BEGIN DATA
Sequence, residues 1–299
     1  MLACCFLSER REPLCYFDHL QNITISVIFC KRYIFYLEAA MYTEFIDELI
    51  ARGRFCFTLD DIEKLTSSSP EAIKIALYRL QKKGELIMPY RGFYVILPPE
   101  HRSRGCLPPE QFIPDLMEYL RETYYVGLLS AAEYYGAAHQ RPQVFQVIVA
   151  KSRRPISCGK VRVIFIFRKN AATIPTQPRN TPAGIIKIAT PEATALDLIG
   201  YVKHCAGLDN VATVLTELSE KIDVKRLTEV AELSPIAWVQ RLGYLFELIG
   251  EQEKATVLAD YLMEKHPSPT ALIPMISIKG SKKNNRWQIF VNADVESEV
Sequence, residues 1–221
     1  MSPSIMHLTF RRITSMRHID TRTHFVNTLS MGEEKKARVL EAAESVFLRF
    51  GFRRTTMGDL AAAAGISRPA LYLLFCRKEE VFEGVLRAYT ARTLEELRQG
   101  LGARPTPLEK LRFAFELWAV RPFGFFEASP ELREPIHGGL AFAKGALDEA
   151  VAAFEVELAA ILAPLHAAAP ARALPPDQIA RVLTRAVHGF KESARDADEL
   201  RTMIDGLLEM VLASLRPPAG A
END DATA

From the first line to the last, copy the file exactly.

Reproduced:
Sequence, residues 1–299
     1  MLACCFLSER REPLCYFDHL QNITISVIFC KRYIFYLEAA MYTEFIDELI
    51  ARGRFCFTLD DIEKLTSSSP EAIKIALYRL QKKGELIMPY RGFYVILPPE
   101  HRSRGCLPPE QFIPDLMEYL RETYYVGLLS AAEYYGAAHQ RPQVFQVIVA
   151  KSRRPISCGK VRVIFIFRKN AATIPTQPRN TPAGIIKIAT PEATALDLIG
   201  YVKHCAGLDN VATVLTELSE KIDVKRLTEV AELSPIAWVQ RLGYLFELIG
   251  EQEKATVLAD YLMEKHPSPT ALIPMISIKG SKKNNRWQIF VNADVESEV
Sequence, residues 1–221
     1  MSPSIMHLTF RRITSMRHID TRTHFVNTLS MGEEKKARVL EAAESVFLRF
    51  GFRRTTMGDL AAAAGISRPA LYLLFCRKEE VFEGVLRAYT ARTLEELRQG
   101  LGARPTPLEK LRFAFELWAV RPFGFFEASP ELREPIHGGL AFAKGALDEA
   151  VAAFEVELAA ILAPLHAAAP ARALPPDQIA RVLTRAVHGF KESARDADEL
   201  RTMIDGLLEM VLASLRPPAG A